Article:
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Currency Rigging: Former JPMorgan Trader Convicted To 8 Years

Spoof Trades
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EDITOR NOTE: Former JPMorgan Chase trader, Akshay Aiyer, was sentenced yesterday to two years “supervised release” on top of a $150,000 fine for colluding with traders at other banks to rig the currency markets. In a statement made after the sentencing, his lawyer said “it doesn’t seem fair,” as Aiyer was singled out. Perhaps he’s right, to the extent that his collusion wasn’t an isolated event but part of the culture that drives JPM and possibly most other large banks (we also curated an article that described a similar instance of collusion with Deutsche Bank). No matter how awful these schemes may sound, its impact on the average person pales in comparison to the theft that the Federal Reserve has been doing to the average American by devaluing their purchasing power in order to boost valuations for the country’s wealthiest 1% to 10%.

NEW YORK (Reuters) - A former JPMorgan Chase & Co JPM.N foreign exchange trader was sentenced on Thursday to eight months in prison, following his Nov. 2019 conviction for conspiring with traders at other banks to rig currency trades.

Akshay Aiyer, 37, was also sentenced to two years supervised release and fined $150,000 by U.S. District Judge John Koeltl in Manhattan.

Prosecutors had sought up to 46 months in prison, while the defendant sought probation.

Aiyer was charged with colluding with other traders from Oct. 2010 to July 2013 to fix prices of and rig bids for Central and Eastern European, Middle Eastern and African currencies.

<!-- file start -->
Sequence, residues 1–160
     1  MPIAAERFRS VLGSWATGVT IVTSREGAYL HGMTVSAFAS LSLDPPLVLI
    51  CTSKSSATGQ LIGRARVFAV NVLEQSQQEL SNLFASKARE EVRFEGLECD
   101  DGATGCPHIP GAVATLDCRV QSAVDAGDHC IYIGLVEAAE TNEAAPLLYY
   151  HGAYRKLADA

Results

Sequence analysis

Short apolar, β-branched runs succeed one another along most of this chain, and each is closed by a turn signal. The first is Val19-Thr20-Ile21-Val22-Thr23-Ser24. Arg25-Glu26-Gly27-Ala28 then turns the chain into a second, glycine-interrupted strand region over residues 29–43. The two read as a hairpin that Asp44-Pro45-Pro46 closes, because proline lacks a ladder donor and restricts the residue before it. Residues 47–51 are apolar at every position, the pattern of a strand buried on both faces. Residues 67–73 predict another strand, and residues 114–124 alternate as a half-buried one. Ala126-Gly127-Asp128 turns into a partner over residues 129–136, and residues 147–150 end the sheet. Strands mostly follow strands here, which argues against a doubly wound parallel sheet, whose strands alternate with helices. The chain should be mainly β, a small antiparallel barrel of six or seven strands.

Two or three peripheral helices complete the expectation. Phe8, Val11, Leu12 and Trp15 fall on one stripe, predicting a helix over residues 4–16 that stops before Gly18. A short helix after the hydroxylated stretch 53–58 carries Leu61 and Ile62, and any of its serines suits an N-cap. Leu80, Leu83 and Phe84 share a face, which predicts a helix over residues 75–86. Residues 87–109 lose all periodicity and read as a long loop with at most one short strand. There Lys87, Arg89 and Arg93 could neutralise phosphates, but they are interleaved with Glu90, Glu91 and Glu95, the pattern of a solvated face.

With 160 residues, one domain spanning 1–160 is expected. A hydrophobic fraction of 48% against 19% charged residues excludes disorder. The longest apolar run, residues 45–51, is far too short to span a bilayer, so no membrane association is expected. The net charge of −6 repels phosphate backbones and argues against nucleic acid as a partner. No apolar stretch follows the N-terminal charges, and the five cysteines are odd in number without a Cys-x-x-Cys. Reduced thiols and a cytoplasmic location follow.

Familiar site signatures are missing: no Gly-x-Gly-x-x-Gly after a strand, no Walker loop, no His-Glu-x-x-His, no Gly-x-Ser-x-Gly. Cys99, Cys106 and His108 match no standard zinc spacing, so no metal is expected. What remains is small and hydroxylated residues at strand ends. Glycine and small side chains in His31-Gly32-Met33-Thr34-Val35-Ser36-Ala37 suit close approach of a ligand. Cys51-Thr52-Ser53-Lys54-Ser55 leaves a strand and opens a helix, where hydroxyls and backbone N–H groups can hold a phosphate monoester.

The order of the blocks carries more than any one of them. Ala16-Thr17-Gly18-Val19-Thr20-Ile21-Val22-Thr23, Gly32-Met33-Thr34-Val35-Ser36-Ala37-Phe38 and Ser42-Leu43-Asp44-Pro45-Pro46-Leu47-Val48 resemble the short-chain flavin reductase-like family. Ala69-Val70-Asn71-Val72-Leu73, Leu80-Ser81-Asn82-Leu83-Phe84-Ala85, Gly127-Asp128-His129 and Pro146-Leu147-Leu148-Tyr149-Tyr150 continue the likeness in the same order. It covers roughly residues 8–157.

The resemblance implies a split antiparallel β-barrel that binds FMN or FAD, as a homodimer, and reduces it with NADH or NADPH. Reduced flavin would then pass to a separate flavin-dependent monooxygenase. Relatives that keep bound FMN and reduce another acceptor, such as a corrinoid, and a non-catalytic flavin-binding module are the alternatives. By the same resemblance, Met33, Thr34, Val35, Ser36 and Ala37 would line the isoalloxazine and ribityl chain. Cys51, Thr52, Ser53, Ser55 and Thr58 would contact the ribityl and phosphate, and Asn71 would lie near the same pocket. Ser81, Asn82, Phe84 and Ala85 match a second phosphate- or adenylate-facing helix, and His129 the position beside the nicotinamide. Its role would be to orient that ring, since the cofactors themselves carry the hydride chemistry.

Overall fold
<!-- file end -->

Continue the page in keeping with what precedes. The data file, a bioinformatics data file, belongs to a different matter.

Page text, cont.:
Prosecutors said the traders would swap trading positions, customer information and order pricing through chat rooms, phone calls and text messages, to boost profits at customers’ expense.

Aiyer’s case was part of a broad U.S. probe into currency manipulation by the banking industry.

“The conspiracy threatened the integrity of the market,” and the idea “everyone did it” is “plainly not an excuse,” Koeltl said.

Aiyer grew up in Pune, India, about 93 miles (150 km) southeast of Mumbai. He came to the United States in 2002 to attend Vassar College.

Before being sentenced, Aiyer told the judge he had tried to conduct himself professionally, and it was a “total shock” to be charged.

“I recognize that I have no one to blame but myself,” Aiyer said.His lawyer Martin Klotz objected to the sentence, saying “it doesn’t seem fair” to single out Aiyer. He also said Aiyer’s asthma heightened his risk of illness from COVID-19 in prison.

Aiyer is among at least six people criminally charged in the Manhattan court in the currency probe.

Two cooperated with prosecutors in Aiyer’s case, while three London-based traders were acquitted in Oct. 2018.

Banks including JPMorgan have paid more than $10 billion of fines to resolve regulatory probes worldwide into currency manipulation.

The case is U.S. v. Aiyer, U.S. District Court, Southern District of New York, No. 18-cr-00333.

Originally posted on Reuters

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